When the union Panchayati Raj Minister, Mr Mani Shankar Aiyar made a passionate plea with a missionary zeal on how the Indian Diaspora could help improve education and health in India's villages at the just concluded 7th 'Pravasi Bharatiya Divas (PBD)' in Chennai, the idea of a 'New India sans jingoism' took on hues of a new realism.
One door closes for another to open. And it was significant that a woman historian, author and a person of Indian origin (PIO) from South Africa, which turned out India's first great modern 'Pravasi' in Mahatma Gandhi, tried to open a new door of understanding in the PBD's final moments.
"One thing that has helped to sustain ourselves as Indian Diaspora and survive the ordeals wherever we are, is the insight of the 'Upanishads'- 'Tat Tvam Asi'- that you are one with the ultimate reality-" declared Ms Shireen Sarojini Mudali Munusamy, born of a Tamil father hailing from Vellore, 150 km from Chennai, and her mother with moorings in Jaipur in the North. Her forefathers had migrated from India to Durban in search of work in 1892.
This insight from India's ancient civilization was not a disjointed one-liner for her, as many at the last plenary session on "Language and Culture" including the young DMK woman MP, Ms Kanimozhi who chaired that session, were flummoxed of its relevance to the Indian Diaspora now.
Sarojini, as she later explained in an exclusive interview to 'Hindustan Times', said that she saw in that mystical statement from the 'Upanishads', a stinging critique of the colonial masters themselves. The "soul" cannot be subjugated, even if the 'body' can be ruled over, a theme that also dominates the works of the great Tamil Nationalist poet, Subramani Bharathi.
And this fascination with the 'Amara Kavi' Bharathi led her on to a new research on the "role of South India in our freedom struggle" with a particular focus on the life and work of Bharathi, which seeks to bring out the synergy between how individuals are as much shaped by history as they contribute to shaping history, as she later put it.
"This is 16-years of painstaking research," said Sarojini after her new book 'Subramani Bharathi - In Freedom's Quest' was launched at the PBD by the Minister for Overseas Indian Affairs, Mr Vayalar Ravi. Ms Kanimozhi received the first copy.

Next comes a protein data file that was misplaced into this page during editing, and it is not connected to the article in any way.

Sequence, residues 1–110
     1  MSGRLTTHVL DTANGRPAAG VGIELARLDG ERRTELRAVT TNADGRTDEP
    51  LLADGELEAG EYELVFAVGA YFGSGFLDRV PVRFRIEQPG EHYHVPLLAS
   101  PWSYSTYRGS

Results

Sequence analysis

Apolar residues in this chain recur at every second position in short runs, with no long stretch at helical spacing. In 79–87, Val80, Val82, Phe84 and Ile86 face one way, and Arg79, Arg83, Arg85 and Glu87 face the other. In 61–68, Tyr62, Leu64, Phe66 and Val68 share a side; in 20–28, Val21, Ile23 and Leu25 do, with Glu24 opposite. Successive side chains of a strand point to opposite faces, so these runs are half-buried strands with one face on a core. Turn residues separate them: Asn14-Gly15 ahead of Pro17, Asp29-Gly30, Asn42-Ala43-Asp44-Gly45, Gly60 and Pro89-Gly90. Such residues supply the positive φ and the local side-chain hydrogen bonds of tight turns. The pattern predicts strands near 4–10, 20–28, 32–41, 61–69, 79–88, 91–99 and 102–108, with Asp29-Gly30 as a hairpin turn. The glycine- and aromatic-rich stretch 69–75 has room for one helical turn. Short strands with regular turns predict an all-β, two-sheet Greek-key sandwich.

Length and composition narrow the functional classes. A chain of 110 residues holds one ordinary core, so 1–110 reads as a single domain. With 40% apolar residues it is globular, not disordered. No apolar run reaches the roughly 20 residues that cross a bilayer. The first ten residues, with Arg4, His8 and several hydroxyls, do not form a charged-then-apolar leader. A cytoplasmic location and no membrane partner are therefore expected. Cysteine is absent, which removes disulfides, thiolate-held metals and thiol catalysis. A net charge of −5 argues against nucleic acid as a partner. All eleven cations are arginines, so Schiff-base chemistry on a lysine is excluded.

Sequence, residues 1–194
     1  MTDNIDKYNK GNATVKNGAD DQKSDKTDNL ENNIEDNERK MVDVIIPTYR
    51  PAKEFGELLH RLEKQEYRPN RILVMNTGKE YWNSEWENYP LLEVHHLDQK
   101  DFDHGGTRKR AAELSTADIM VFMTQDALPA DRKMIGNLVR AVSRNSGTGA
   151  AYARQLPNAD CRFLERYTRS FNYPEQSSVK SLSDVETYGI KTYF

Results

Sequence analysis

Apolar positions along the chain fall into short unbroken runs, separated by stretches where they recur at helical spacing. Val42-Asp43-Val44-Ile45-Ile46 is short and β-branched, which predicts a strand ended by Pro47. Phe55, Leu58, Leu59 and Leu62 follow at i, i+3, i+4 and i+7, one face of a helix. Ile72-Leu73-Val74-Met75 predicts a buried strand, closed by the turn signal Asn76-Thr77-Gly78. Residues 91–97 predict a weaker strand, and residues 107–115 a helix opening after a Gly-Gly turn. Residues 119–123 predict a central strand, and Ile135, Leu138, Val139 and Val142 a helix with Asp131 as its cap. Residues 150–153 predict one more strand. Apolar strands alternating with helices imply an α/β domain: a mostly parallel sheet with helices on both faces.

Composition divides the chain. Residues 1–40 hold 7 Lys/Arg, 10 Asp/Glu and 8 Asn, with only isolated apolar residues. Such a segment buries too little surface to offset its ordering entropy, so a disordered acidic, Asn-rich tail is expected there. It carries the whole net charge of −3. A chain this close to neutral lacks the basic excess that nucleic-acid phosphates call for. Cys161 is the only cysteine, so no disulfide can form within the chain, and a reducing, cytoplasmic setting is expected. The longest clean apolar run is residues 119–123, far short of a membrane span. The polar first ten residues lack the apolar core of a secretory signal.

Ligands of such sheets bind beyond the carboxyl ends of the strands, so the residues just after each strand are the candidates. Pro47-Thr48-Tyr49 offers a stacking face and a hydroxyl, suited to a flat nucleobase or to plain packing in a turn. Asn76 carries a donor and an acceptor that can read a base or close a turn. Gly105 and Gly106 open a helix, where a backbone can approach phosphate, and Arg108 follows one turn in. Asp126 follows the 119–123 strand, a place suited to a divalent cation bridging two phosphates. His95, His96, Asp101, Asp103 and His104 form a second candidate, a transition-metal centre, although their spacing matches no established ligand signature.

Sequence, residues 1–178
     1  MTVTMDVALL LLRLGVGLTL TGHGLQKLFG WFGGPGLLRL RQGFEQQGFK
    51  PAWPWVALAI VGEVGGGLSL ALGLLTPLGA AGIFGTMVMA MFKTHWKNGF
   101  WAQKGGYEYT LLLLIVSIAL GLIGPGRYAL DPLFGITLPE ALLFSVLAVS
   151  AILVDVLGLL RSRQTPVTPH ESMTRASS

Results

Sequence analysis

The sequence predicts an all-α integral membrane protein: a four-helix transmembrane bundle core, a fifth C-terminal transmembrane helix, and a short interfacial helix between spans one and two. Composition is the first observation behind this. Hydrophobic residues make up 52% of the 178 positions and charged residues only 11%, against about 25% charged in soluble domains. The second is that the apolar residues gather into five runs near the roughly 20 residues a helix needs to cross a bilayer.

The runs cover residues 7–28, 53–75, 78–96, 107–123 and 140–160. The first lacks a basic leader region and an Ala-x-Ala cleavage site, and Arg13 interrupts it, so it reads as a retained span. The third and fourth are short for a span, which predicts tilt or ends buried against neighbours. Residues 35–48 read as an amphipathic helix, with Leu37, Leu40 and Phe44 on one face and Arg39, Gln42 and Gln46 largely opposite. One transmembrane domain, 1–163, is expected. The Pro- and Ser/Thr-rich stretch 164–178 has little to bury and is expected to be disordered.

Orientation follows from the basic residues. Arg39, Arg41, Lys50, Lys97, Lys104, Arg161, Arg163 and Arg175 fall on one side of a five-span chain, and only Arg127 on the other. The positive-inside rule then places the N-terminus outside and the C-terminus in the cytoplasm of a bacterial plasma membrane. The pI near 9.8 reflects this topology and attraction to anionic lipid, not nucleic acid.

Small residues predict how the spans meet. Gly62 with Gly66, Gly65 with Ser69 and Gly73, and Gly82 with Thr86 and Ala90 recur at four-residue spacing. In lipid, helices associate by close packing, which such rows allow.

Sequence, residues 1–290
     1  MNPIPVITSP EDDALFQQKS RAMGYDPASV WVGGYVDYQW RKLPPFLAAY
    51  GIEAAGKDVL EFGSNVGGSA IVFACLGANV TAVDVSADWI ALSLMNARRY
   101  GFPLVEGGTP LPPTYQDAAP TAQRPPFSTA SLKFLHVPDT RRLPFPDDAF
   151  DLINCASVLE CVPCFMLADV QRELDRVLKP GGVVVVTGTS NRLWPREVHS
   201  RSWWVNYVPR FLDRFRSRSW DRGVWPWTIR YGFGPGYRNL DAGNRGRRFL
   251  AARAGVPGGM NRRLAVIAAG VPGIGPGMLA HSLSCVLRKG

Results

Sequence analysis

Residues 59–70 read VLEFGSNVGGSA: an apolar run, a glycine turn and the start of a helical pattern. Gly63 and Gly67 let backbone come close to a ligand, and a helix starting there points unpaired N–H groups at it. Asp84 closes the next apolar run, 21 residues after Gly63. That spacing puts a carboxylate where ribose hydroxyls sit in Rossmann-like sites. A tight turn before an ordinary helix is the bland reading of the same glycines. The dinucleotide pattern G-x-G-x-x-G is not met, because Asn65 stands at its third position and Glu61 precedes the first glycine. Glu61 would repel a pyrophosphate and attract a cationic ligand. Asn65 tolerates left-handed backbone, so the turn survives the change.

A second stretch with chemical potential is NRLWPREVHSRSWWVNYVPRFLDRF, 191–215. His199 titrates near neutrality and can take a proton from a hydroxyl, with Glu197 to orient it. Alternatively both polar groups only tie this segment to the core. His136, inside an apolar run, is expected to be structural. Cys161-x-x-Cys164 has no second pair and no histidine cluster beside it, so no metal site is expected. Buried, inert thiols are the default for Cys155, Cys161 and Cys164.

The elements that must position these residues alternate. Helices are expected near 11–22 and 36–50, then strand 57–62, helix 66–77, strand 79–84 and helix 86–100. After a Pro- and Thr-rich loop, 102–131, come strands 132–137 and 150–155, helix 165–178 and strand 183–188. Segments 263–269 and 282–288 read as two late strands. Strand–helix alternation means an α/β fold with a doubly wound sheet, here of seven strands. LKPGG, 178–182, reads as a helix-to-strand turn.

"I found there has been a paucity of literature in the field of historiography on the development of the National consciousness in South India," another major reason for her to embark on this study.
"Particularly, I found that no University in South Africa has any solid material on developments in South India of that freedom struggle period, and so I hope this study will go a long way," Sarojini, who has worked extensively on modern South African History and served as Director of the Human Rights Committee of the South African Government, said.
Under the guidance of the Tamil University's former Vice-Chancellor, Prof Ouvaii Natarajan, she not only spent considerable time in Tamil Nadu over the years researching materials for her work and lived with Bharathi's surviving family members here to get a personal insight, but before coming here also spent a lot of time digging into the archives at India Office Library in London, on the poet's works and life.
"Bharathi's works were considered seditious by the British and hence I wanted to get the British's views on India's freedom struggle of that period as well," Sarojini said, adding she studied the documents in London to 'ensure no jingoism influences the nature and objectivity of my work."
After the India launch of her book, Sarojini said she has been invited to launch this work in seven other countries including Malaysia, Singapore, Sri Lanka, Australia, Mauritius, UK and Canada, that would virtually cover the entire spectrum of people of Indian origin.
Sarojini has also planned a sequel to this work, which will focus on Bharathi as a "spiritual democrat". This would be followed by a substantive series on other great political personalities from South India including VO Chidambaram Pillai who formed the first 'Swadeshi' steam navigation company, the author said.